CPA requires that at least 10% of the funding must be spent on each of the three target areas, 5% on administration, and the balance wherever within the three areas.
Here are some common questions about the CPA. If you don’t find your answers here, please send us an email with our contact form.
There is a wealth of information about details of the CPA, on what other towns have done, what projects have been done, and more at the Community Preservation Coalition Website.
Everyone qualifies for the exemption for the first $100,000 of assessed value. For low-income homeowners and low-to-moderate-income senior homeowners, the income limits for full exemption are currently as follows:
Homeowners must apply to the town for an exemption.
Households that qualify for low-income, or low or moderate-income housing, as defined by M.G.L. c. 44B, Section 2 are exempt from the CPA surcharge in its entirety. The low-income exemption applies to property owners under the age of 60 and the moderate income exemption applies to property owners aged 60 years or older. The area wide median income is determined annually by the United States Department of Housing and Urban Development (HUD).
Here are examples, by assessed value if we pass a 1.5% surcharge. If we pass at 3%, these charge would double.
A minimum of 10% each year MUST be placed into each of 3 reserve accounts, to assure that each of the three target areas receives ongoing funding:
Remaining funds can go to any of the above specific programs based on applications.
Because one funding method for CPA is a fee on all real estate transactions that we already pay. Other towns get our funds now.
One important class is restrictions is that a property that is purchased with CPA funds for a specific use, such as open space or housing, can not be then used for other purposes.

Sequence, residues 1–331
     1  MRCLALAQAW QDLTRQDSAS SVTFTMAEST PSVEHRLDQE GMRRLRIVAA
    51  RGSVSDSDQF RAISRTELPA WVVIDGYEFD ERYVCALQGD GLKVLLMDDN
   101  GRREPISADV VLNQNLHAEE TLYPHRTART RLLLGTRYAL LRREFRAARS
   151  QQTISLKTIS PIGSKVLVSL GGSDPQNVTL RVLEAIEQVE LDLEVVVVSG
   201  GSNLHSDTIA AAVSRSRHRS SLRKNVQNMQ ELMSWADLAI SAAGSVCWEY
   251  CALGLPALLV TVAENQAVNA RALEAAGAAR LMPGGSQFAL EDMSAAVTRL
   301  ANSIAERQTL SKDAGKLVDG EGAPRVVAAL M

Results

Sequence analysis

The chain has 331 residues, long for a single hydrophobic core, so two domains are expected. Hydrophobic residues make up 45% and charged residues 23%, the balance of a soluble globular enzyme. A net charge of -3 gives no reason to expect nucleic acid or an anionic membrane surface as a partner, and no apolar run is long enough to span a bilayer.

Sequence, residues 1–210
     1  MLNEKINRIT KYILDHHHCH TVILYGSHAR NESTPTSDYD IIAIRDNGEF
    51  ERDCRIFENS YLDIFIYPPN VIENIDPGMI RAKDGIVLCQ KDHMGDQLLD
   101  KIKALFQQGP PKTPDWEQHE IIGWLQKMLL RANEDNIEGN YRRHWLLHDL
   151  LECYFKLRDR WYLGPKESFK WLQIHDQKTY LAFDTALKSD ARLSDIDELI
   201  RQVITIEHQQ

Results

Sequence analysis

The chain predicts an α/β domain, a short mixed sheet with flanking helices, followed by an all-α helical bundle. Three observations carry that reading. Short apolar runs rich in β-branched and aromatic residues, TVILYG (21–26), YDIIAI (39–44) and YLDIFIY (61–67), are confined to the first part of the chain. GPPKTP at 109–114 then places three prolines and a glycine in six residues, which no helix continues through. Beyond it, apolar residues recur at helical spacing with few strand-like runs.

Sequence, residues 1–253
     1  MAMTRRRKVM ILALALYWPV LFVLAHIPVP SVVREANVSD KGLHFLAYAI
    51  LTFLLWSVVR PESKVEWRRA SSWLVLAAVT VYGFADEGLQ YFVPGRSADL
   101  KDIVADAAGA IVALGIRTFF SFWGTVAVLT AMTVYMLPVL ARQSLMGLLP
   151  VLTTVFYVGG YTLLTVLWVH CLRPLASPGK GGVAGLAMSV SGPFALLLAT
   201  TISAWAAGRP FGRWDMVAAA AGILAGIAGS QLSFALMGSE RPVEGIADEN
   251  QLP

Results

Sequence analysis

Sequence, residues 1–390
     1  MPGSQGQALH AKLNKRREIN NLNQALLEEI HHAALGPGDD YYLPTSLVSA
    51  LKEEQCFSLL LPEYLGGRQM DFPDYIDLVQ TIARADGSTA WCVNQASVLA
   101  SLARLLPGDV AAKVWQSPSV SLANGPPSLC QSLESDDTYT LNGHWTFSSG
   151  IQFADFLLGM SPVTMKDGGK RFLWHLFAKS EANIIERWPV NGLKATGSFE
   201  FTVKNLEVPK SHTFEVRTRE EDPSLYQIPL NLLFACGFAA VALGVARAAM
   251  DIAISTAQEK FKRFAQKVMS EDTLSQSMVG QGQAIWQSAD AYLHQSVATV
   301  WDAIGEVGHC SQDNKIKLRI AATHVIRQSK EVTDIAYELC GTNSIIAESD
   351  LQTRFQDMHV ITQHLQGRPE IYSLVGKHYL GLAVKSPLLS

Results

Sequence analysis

No, a project does not have to be proposed each year. However, the Town would still receive the State match based on how much monies collected.
Yes. Once adopted, a Community Preservation Act proposal must be in force for five years. After that time, the surcharge percentage and exemptions can be amended through the same ballot-question process.
No, CPA projects take advantage of the state match: any project shifted to CPA would be paid partly by the state funds. So CPA project free up funding for our other priorities within the same level of local tax collection.
If the state has a surplus, as it has had in the last 3 out of 5 years, the CPA funding increases. The communities with a 3% surcharge benefit far more in surplus years.
The chart below shows a list of communities near Burlington that use the 3% surcharge, and how much they receive in normal and in surplus budget years: the numbers show what % of the funds they generate that the state matches.
Depending on whether a community is a 3% surcharge town, and depending on whether there is a surplus year, the reimbursement rate could go as high as 37.8%.